In the past 3 decades or so, American courts of all levels have recognized that there is more than one type of sexual harassment. While quid pro quo harassment has existed for decades, hostile environment claims have been recognized much more recently. In even more recent years, there has been an expansion by the courts of claims of hostile environment outside of the realm of sexual harassment.
The majority of employers are well aware of the problems that are related to sexual harassment and hostile work environments. To combat this, these employers have adopted strict policies prohibiting sexual harassment that inflict rapid punishment when and if it is discovered.
Unfortunately, as recent court decisions have shown, an employer who tailors the anti harassment rules of the workplace only to sexual harassment leaves itself open to lawsuits regarding other forms of harassment in the workplace. Therefore, it is in any employer’s best interest to tailor anti-harassment rules to any and all forms of harassment.
The Equal Employment Opportunity Commission, or EEOC, has taken the position that conduct constituting harassment on the basis on any protected class is unlawful. The EEOC has also decided that the same analysis used to determine if there has been a hostile environment for sexual harassment can be applied to cases involving any protected class. Protected classes, as defined by the various employment and anti-discrimination statutes and acts, include race, gender, religion, national origin, age, and disability.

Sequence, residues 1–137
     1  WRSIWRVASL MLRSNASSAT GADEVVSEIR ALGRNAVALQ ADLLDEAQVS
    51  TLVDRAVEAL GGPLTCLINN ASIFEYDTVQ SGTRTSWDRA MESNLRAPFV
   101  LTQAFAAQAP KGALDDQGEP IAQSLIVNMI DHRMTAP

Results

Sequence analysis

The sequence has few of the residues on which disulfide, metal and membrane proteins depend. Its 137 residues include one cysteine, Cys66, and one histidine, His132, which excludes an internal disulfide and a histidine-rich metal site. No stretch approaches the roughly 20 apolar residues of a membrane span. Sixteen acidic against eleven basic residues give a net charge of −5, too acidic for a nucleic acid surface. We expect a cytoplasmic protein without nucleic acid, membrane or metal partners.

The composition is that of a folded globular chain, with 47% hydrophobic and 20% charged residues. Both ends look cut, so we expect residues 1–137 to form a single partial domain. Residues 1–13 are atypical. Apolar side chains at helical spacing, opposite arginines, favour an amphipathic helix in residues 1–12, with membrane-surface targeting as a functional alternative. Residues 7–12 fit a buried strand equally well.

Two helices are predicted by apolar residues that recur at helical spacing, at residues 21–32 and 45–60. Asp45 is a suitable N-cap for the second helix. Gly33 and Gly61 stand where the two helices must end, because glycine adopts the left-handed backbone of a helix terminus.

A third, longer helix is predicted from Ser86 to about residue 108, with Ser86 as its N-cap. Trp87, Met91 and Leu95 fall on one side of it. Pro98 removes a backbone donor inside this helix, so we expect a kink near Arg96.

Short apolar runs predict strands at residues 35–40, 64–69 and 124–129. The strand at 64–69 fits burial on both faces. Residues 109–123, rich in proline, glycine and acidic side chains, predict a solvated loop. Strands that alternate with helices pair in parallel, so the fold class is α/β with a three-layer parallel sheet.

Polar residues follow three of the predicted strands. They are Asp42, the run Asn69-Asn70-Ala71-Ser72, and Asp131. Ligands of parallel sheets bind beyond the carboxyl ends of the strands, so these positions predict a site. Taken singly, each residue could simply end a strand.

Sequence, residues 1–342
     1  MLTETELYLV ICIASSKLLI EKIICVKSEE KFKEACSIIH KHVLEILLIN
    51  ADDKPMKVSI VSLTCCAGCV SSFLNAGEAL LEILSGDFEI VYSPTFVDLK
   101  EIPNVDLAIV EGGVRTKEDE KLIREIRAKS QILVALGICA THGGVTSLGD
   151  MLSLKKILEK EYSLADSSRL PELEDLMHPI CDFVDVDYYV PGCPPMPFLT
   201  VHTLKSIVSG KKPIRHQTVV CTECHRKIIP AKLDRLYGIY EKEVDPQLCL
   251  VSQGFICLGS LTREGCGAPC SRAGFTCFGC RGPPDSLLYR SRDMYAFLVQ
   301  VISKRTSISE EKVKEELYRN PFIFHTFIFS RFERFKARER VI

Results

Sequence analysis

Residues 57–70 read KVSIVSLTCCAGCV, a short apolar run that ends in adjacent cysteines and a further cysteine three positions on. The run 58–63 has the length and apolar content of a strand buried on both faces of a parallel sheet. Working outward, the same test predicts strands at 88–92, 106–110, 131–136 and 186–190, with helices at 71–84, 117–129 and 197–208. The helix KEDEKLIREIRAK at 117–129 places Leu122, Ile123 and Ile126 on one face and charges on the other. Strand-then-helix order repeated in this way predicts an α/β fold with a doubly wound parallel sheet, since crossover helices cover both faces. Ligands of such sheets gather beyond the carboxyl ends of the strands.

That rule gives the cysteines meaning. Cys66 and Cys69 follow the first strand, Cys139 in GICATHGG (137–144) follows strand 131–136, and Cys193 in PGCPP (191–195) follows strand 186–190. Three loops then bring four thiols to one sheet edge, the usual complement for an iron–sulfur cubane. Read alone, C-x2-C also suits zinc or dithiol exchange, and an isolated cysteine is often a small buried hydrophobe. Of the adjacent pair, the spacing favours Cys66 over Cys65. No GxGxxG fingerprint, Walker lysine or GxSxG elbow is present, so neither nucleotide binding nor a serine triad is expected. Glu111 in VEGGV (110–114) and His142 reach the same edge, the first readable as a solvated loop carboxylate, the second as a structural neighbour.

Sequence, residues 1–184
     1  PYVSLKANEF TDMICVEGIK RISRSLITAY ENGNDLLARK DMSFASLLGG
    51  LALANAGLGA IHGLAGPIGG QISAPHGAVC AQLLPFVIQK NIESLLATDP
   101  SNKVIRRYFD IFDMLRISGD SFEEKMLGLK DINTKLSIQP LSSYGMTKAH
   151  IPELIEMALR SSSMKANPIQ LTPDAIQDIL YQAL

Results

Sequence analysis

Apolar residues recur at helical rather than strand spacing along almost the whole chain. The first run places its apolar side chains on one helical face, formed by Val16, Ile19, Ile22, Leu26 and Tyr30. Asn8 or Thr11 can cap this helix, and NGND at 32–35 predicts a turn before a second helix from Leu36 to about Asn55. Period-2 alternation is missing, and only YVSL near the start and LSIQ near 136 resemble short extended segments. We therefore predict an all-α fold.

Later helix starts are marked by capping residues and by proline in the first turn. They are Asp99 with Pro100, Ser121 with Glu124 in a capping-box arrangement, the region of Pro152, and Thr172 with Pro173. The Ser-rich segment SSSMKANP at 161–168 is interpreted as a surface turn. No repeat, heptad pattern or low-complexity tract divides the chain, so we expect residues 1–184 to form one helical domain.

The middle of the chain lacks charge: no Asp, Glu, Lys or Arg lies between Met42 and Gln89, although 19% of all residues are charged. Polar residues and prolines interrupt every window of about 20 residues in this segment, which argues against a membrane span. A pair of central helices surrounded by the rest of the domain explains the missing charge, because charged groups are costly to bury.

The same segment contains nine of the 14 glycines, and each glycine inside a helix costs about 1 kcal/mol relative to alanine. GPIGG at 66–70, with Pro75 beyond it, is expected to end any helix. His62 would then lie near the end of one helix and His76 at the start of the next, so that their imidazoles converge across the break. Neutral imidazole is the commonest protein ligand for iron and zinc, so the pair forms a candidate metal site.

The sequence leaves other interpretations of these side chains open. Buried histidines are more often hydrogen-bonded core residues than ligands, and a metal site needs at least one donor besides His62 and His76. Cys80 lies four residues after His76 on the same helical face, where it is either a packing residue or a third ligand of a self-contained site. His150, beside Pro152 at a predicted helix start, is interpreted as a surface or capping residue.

There have been a number of recent decisions that conform to the position of the EEOC. For example, a recent lawsuit involving African-American and Hispanic employees suing their employer due to the racial slurs that existed in the workplace were able to pursue, and win, hostile environment claims on the basis of racial discrimination and national origin discrimination.
In addition, another court case found that an employer’s harassment policy was inadequate. The policy was inadequate because it only recognized and prohibited harassment regarding sexual advances and propositions and not harassment based on gender or other protected areas.
Some would think that common courtesy and general manners and etiquette would clue people in to the inappropriateness of their actions and words. Apparently, this is lacking. As a classic example, an employer lost a harassment or hostile work environment lawsuit following his complaints to an employee about a lack of availability on religious holidays. Following the critique of the lack of availability, the employer was clever enough to make a number of slurs against the employee regarding religion.